'Plunge protection' behind market's sudden recovery … Mysterious forces were trying their best, but they couldn't keep the stock market from swooning Wednesday. They failed in the morning, despite massive purchases of stock index futures contracts. Within minutes of the market's opening, the Dow Jones industrial average was down 350 points. Later in the day – after a lot of shocking ebb and flow – the Dow bottomed out with a decline of 460 points. It was only in the last hour of trading that the market saviors managed to trim the Dow loss to just 173 points. And they succeeded only after Janet Yellen's private, upbeat remarks about the economy were leaked. Welcome to a new kind of stock market – one that the average investor should refuse to be invested in. – New York Post, John Crudele
Dominant Social Theme: Markets are fairly free, not manipulated.
Free-Market Analysis: Veteran financial reporter John Crudele has blown up the myth of the market-driven stock exchange with this astonishing article in the New York Post.
We were attracted to it not only because it tells the truth, in our view, but because we have been making the same points regularly for years. The market is managed. Its managers want it to rise. Central banks and governments are now buying markets directly.
The modern market is not in any sense reflective of the larger economy. And Crudele has let loose with both barrels in the New York Post, a loadstar of mainstream media.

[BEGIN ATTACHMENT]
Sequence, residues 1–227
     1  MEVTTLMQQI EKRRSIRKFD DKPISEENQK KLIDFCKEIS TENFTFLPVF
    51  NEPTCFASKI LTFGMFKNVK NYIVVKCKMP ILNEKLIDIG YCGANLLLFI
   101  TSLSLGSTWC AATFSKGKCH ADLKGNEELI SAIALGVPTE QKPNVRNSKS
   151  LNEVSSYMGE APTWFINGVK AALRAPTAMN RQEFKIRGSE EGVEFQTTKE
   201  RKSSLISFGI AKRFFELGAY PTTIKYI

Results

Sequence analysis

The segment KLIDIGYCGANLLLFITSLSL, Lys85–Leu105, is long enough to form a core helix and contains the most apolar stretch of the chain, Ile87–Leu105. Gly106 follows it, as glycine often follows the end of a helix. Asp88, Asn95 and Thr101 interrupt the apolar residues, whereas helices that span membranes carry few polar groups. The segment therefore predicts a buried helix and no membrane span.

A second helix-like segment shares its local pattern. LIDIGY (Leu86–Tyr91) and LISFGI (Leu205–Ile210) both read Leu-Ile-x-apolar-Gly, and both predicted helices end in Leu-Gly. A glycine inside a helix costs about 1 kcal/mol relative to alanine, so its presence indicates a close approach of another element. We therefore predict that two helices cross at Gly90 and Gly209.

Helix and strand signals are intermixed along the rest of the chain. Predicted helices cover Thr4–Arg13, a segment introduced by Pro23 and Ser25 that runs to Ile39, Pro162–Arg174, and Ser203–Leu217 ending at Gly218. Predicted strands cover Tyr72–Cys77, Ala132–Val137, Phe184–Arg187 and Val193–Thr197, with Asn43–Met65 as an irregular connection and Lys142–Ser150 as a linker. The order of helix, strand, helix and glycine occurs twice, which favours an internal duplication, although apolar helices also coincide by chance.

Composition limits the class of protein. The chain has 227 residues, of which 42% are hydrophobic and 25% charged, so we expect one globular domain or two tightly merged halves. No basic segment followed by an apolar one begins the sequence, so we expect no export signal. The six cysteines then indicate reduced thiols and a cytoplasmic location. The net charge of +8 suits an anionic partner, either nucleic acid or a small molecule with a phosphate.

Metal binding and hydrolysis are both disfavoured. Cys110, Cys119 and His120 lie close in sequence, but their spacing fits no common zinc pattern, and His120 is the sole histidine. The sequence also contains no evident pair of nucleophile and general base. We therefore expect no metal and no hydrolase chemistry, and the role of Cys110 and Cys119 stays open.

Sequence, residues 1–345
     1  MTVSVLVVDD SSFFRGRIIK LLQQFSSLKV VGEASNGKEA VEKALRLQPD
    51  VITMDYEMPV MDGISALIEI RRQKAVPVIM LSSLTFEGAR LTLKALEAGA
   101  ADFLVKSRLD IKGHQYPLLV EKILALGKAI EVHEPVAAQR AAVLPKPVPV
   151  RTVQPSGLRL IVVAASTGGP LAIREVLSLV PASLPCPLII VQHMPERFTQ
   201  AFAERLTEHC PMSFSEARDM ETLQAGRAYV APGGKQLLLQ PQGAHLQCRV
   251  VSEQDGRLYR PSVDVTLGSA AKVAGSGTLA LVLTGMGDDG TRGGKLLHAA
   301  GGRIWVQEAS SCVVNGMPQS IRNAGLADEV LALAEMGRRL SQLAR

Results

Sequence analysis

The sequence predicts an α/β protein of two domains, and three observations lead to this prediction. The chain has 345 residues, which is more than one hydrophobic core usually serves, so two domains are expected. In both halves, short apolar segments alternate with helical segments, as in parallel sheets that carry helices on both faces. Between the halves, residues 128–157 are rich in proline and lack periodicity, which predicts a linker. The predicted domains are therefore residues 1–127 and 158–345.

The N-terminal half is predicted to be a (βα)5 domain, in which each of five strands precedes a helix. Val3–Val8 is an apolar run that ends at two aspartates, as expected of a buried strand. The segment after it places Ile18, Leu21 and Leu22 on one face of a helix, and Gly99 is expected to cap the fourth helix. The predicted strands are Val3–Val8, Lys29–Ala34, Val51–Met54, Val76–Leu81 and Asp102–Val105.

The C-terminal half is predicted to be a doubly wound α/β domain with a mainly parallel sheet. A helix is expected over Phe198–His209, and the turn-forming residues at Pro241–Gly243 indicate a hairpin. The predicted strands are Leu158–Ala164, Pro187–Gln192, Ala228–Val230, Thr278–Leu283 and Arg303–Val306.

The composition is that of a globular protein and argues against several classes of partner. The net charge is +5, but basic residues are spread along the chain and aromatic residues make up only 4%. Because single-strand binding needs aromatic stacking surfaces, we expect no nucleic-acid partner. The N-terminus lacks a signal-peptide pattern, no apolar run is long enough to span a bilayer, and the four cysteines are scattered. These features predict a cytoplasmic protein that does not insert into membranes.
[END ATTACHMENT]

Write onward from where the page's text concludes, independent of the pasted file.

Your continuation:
This is, of course, an important meme Crudele is debunking because it carries with it the suggestion that the average Joe can grow rich by applying perseverance and common sense to the art of "investing."
This is also an encumbered meme trailing behind it numerous subdominant social themes such as "value investing," "long-term investing," etc. The idea always is to paint the market as rational in the sense that it values successful companies over unsuccessful ones and offers you the opportunity of potentially picking those companies in advance.
In fact, we know from research on the subject that over 90 percent of stock market gains accrue from being in the correct asset class not the correct stock. Strategy and diversification are more important than stock picking unless the instrument happens to be in the correct asset class.
Financial reporters are supposed to keep quiet about these sorts of thing, just as they are supposed to keep quiet about market manipulation. For some reason, Crudele has chosen to break his silence.
Just for the record, I've been telling you for years that the stock market was in a bubble and that you should enjoy it while it lasts because bubbles always pop.
Of course, if you could time the end of the bubble, you'd be doing quite well. Miss the end and you are back to where you started. Or worse off in terms of confidence and finances. Welcome to a new kind of stock market — one that the average investor should refuse to be invested in.
… Let me explain about the unknown forces in the market these days. Call it by a nickname — the Plunge Protection Team. Or call it the President's Working Group on Financial Markets, the official name given to the group when it was formed by President Ronald Reagan after the market turbulence of 1989.
These forces may be working from a script in the "Doomsday Book," which the US government recently fought to keep secret when it was brought up last week during the AIG trial in Washington.
Here's the bottom line: Someone tried to rescue the market last Wednesday. And it's becoming a regular occurrence.
The details of last Wednesday morning are these: At the same time the Dow was off 350 points, the S&P index was down 43.80 points, That was an enormous decline in just 11 minutes of trading and it was an indication that Wall Street was not having a good day.